6
$\begingroup$

It seems from playing around with small values of $n$ that

$$ \det \left( \begin{array}{ccccc} -1 & t & t & \dots & t\\ t & -1 & t & \dots & t\\ t & t & -1 & \dots & t\\ \vdots & \vdots & \vdots & \ddots & \vdots\\ t & t & t & \dots& -1 \end{array}\right) = (-1)^{n-1}(t+1)^{n-1}((n-1)t-1) $$

where $n$ is the size of the matrix.

How would one approach deriving (or at least proving) this formally?


Motivation

This came up when someone asked what is the general solution to:

$$\frac{a}{b+c}=\frac{b}{c+a}=\frac{c}{a+b},$$

and for non-trivial solutions, the matrix above (with $n=3$) must be singular. In this case either $t=-1\implies a+b+c=1$ or $t=\frac{1}{2}\implies a=b=c$.

So I wanted to ensure that these are also the only solutions for the case with more variables.

$\endgroup$
  • $\begingroup$ Did you try induction? $\endgroup$ – zarathustra Aug 14 '14 at 17:08
  • $\begingroup$ Induction combined with this should do it. $\endgroup$ – Daniel R Aug 14 '14 at 17:09
  • $\begingroup$ Induction is the way to go, but first, subtract the first row from all the other rows to get a much easier calculation. $\endgroup$ – fixedp Aug 14 '14 at 17:10
  • $\begingroup$ When $n=2$ seems to fail. $1-t^2$ RHS, $-2 t^3-3 t^2+1$ LHS, right? $\endgroup$ – carlosayam Aug 14 '14 at 17:14
  • 1
    $\begingroup$ The matrix size should be $n+1$; @caya gives the $n=2$ case. $\endgroup$ – Semiclassical Aug 14 '14 at 17:17
11
$\begingroup$

Using elementary operations instead of induction is key. $$\begin{align} &\begin{vmatrix} -1 & t & t & \dots & t\\ t & -1 & t & \dots & t\\ t & t & -1 & \dots & t\\ \vdots & \vdots & \vdots & \ddots & \vdots\\ t & t & t & \dots& -1 \end{vmatrix}\\ &= \begin{vmatrix} -t-1 & 0 & 0 & \dots & t+1\\ 0 & -t-1 & 0 & \dots & t+1\\ 0 & 0 & -t-1 & \dots & t+1\\ \vdots & \vdots & \vdots & \ddots & \vdots\\ t & t & t & \dots& -1 \end{vmatrix}\\ &= \begin{vmatrix} -t-1 & 0 & 0 & \dots & 0\\ 0 & -t-1 & 0 & \dots & 0\\ 0 & 0 & -t-1 & \dots & 0\\ \vdots & \vdots & \vdots & \ddots & \vdots\\ t & t & t & \dots& (n - 1)t -1 \end{vmatrix}\\ &= (-1)^{n - 1}(t + 1)^{n - 1}((n - 1)t - 1) \end{align}$$

$\endgroup$
  • 5
    $\begingroup$ For clarity, first he is doing "Row N = Row N - Last Row" then he is doing "Last Row = Last Row - Row N" $\endgroup$ – DanielV Aug 14 '14 at 17:46
  • $\begingroup$ In the second step of the above comment, it makes sense to exchange references to "row" with "column". For further clarification to the answer, the sign of (n-1)t-1 is always positive (-1^2n); the cofactor expansion along the last row has only one term with a nonvanishing determinant ((n-1)t-1 itself) because the others all yield minors with a zero-column somewhere, and the determinant in the remaining term is simply an (n-1)x(n-1) diagonal with (-t - 1) as each element. That determinant yields (-t - 1)^(n-1), which here is shown with (-1)^(n-1) factored out of it. $\endgroup$ – Darren Ringer Feb 9 '17 at 20:04
7
$\begingroup$

You can write the expression as $$ \det(t C - (t+1)I)$$ where $C = \mathbf{1}\mathbf{1}^T$ is the matrix of all $1$'s, formed by the column of ones times its transpose. Using the identity $\det(I+cr) = 1+rc$, you can first factor out $(t+1)$: $$ \det(t C - (t+1)I) = (-1)^n(t+1)^n \det\left(I - \frac{t}{t+1} \mathbf{1}\right) = (-1)^n(t+1)^n \left(1 - \frac{nt}{t+1}\right) $$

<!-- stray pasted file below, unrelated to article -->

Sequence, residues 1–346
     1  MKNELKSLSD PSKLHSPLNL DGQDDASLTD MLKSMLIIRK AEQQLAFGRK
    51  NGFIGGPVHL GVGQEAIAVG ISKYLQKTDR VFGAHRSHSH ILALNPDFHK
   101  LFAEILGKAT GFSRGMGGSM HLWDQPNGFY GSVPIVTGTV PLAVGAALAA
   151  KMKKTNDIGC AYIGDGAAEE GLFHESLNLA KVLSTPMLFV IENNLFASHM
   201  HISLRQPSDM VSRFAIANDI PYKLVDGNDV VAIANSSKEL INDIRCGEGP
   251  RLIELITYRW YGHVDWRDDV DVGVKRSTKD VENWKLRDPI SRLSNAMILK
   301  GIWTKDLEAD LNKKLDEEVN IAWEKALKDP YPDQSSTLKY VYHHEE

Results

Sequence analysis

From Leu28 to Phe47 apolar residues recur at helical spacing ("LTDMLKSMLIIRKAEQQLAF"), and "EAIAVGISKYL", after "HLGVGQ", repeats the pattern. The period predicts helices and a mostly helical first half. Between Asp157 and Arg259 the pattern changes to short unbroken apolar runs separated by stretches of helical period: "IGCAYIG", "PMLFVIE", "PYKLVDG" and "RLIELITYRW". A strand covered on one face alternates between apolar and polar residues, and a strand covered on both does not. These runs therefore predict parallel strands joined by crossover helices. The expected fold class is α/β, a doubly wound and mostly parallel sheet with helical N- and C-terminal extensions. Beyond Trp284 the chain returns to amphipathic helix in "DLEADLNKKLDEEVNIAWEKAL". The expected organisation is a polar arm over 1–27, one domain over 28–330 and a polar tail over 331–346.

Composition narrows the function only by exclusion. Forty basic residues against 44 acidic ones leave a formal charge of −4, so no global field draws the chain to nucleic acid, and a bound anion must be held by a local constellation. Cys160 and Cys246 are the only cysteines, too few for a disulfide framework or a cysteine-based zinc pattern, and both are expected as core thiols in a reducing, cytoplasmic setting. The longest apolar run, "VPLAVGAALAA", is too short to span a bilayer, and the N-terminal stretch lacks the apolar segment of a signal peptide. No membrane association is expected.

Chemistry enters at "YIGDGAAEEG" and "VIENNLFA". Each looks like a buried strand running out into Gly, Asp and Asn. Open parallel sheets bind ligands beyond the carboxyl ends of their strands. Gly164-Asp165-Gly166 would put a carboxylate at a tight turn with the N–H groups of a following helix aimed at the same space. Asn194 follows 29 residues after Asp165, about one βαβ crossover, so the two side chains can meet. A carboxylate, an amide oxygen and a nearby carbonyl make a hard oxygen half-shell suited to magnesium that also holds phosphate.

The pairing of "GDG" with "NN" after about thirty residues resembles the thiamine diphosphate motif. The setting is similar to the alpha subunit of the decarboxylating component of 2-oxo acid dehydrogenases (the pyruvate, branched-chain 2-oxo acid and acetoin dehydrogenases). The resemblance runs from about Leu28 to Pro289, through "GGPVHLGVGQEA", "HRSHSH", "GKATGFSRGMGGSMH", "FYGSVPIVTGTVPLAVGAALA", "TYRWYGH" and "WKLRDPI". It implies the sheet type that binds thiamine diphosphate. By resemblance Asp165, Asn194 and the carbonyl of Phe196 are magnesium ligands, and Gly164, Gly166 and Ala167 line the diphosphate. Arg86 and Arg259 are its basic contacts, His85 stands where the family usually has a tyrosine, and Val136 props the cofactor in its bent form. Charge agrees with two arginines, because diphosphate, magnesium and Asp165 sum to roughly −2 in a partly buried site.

$\endgroup$
  • $\begingroup$ That's brilliant, nothing could be more elegant. :) $\endgroup$ – MGA Aug 14 '14 at 17:37
  • $\begingroup$ +1, but what do you mean by $cr$ and $rc$? Are these row and column vectors, abbreviated $r$ and $c$, respectively? (My assumption) $\endgroup$ – apnorton Aug 15 '14 at 3:44
  • $\begingroup$ Correct, they are row and column vectors. I stole that from the Wiki page on Determinant $\endgroup$ – Victor Liu Aug 15 '14 at 21:42
3
$\begingroup$

Note that your matrix is the sum of the matrix $T$ with all entries equal to $t$ and the matrix $-(1+t)I$. Therefore the determinant you are asking about is the value at $X=-(1+t)$ of the characteristic polynomial $\chi_{-T}$ of $-T$.

Since $T$ has rank (at most) $1$, its eigenspace for eigenvalue $0$ has dimension $n-1$, so the characteristic polynomial of $-T$ is $\chi_{-T}=X^{n-1}(X+nt)$ (the final factor must be that because the coefficient of $X^{n-1}$ in $\chi_{-T}$ is $\def\tr{\operatorname{tr}}-\tr(-T)=nt$). Now setting $X=-(1+t)$ gives $$ \det(-(1+t)I-T)=(-1-t)^{n-1}(-1-t+nt)=(-1-t)^{n-1}(-1+(n-1)t) $$ as desired.

This kind of question is recurrent on this site; see for instance Determinant of a specially structured matrix ($a$'s on the diagonal, all other entries equal to $b$) and How to calculate the following determinants (all ones, minus $I$).

$\endgroup$
1
$\begingroup$

Here is another characterization of the result. For convenience, I will take the matrix size as $n+1$ rather than $n$. First, note that we may factor $t$ from each of the $n+1$ rows, and so the determinant may be written as $$ \det{[t(M-t^{-1} I_{n+1})]} =t^{n+1} \det(M-t^{-1} I_{n+1}) $$ where $(M)_{ij}=1-\delta_{ij}$ for $1\leq i,j\leq n+1$.

Next, observe that $M$ has $n$ independent eigenvectors of the form $\hat{e}_i-\hat{e}_{n+1}$ ($1\leq i\leq n$), each with eigenvalue $-1$; in addition, $M$ also has the eigenvector $\sum_{i=1}^{n+1}\hat{e}_i$ with eigenvalue $n$. Consequently the characteristic polynomial of $M$ in powers of $t^{-1}$ is $$\det(M-t^{-1} I_{n+1})=(-1-t^{-1})^n (n-t^{-1}) = t^{-n-1}\cdot (-1)^n (1+t)^n (nt+1)$$ and so the prior result yields the desired identity.

$\endgroup$

Your Answer

By clicking “Post Your Answer”, you agree to our terms of service, privacy policy and cookie policy

Not the answer you're looking for? Browse other questions tagged or ask your own question.